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The Russian Word for Snow: A True Story of Adoption Paperback – February 12, 2002

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Editorial Reviews

From Booklist

Newman, following her mother's death from breast cancer, experienced a change of heart about her long-held determination to remain childless. She and her husband, both in their 40s, embarked on fertilization treatments until they discovered an agency that arranges the adoption of foreign children. Once they saw videotape of a dark-eyed little Russian boy, they were determined that he was their son and began a six-month process of international adoption. The couple traveled to Russia just before the nation's first democratic election and witnessed the uncertainties of life there, and the ebb and flow of anti-American sentiment. Fearful that political turmoil could derail their adoption, Newman and her husband desperately sought to achieve a balance between pressuring and cajoling their intermediaries. In this first-person account, Newman conveys the emotional roller coaster of dealing with the ponderous adoption bureaucracy--bribes expected and gifts required--before securing the release of their son, Alex, whose original name was the Russian word for snow. Vanessa Bush
Copyright © American Library Association. All rights reserved --This text refers to an out of print or unavailable edition of this title.


“A nail-biting adoption saga with a happy ending.” ―People Magazine

The Russian Word for Snow is about the alchemy of desire, courage, grace; about the buried secrets of a foreign land; about a little boy in a Russian crib who tangles his fingers in his new mother's hair. Their story is compelling. It is poetry. It is true. It held me transfixed as I read.” ―Beth Kephart, author of the 1998 National Book Award finalist A Slant of Sun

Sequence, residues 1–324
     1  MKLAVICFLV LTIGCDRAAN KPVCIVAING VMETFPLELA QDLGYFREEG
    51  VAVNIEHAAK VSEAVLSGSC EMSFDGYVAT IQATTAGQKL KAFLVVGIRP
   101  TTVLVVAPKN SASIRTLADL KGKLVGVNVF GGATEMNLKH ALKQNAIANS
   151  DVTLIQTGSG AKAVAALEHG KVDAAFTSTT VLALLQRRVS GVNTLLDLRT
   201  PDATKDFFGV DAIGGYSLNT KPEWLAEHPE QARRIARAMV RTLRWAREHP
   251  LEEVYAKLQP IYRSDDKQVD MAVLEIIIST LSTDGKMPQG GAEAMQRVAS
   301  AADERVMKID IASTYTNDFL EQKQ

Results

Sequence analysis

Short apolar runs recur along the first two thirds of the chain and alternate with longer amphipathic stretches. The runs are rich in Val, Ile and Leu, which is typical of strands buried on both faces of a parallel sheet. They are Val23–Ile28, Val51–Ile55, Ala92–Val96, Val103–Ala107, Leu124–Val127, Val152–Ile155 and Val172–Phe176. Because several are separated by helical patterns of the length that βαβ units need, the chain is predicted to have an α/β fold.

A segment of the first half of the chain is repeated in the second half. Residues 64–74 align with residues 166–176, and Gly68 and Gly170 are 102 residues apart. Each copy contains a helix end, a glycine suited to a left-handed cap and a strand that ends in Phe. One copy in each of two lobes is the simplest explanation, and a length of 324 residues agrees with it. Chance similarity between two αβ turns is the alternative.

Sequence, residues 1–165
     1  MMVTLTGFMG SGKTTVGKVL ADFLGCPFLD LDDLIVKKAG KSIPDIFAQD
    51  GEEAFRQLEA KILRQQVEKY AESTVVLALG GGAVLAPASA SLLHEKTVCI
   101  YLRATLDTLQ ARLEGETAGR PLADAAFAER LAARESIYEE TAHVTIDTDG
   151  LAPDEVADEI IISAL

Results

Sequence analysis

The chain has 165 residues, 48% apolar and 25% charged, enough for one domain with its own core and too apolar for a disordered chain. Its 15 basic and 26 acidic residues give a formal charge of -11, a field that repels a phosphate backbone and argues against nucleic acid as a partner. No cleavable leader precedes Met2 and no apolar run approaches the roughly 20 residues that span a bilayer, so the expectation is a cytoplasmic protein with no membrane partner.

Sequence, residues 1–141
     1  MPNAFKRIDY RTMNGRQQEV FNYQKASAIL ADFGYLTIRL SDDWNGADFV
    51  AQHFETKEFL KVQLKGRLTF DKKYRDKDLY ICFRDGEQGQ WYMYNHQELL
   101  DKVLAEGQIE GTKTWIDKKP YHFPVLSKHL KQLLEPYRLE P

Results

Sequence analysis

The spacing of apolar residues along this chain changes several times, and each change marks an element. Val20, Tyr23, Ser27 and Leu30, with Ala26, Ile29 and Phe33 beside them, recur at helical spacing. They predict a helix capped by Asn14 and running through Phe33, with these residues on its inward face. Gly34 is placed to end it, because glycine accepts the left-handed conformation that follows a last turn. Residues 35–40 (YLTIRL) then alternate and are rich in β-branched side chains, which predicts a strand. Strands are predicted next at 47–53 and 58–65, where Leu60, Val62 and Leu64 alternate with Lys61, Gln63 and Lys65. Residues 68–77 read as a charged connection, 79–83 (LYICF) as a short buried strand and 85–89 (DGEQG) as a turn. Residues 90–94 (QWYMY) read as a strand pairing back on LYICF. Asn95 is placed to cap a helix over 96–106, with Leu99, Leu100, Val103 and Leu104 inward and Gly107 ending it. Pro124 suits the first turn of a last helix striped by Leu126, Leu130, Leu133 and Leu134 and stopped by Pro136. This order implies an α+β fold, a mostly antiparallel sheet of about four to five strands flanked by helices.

“The couple's fight to bring Alex home after months of dashed hopes and bureaucratic snafus vividly illustrates the perils of foreign adoption.” ―People Magazine

“Newman's story, told with understated grace, reminds us that parenthood is an internal journey not measurable by blood or footsteps; that life with a child is a daily opportunity for mutual redemption in moments both unique and fleeting.” ―Kate Moses, columnist and co-editor of Mothers Who Think

“On one level, this is one woman's story of going to Russia to adopt a little boy and experiencing the wrenching, exuberant passions of falling love with a child. On another level, it's every mother's story--our doubts and our fears about what kind of mother we will make. The writing is compelling, and straight from the heart.” ―Adair Lara, San Francisco Chronicle columnist and author of Hold Me Close, Let Me Go

“Beautifully written, intimately portrayed, it's an extraordinary tale of the power of a mother's love.” ―Karin Evans, author of The Lost Daughters of China


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Product Details

  • Paperback: 240 pages
  • Publisher: St. Martin's Griffin; Reprint edition (February 12, 2002)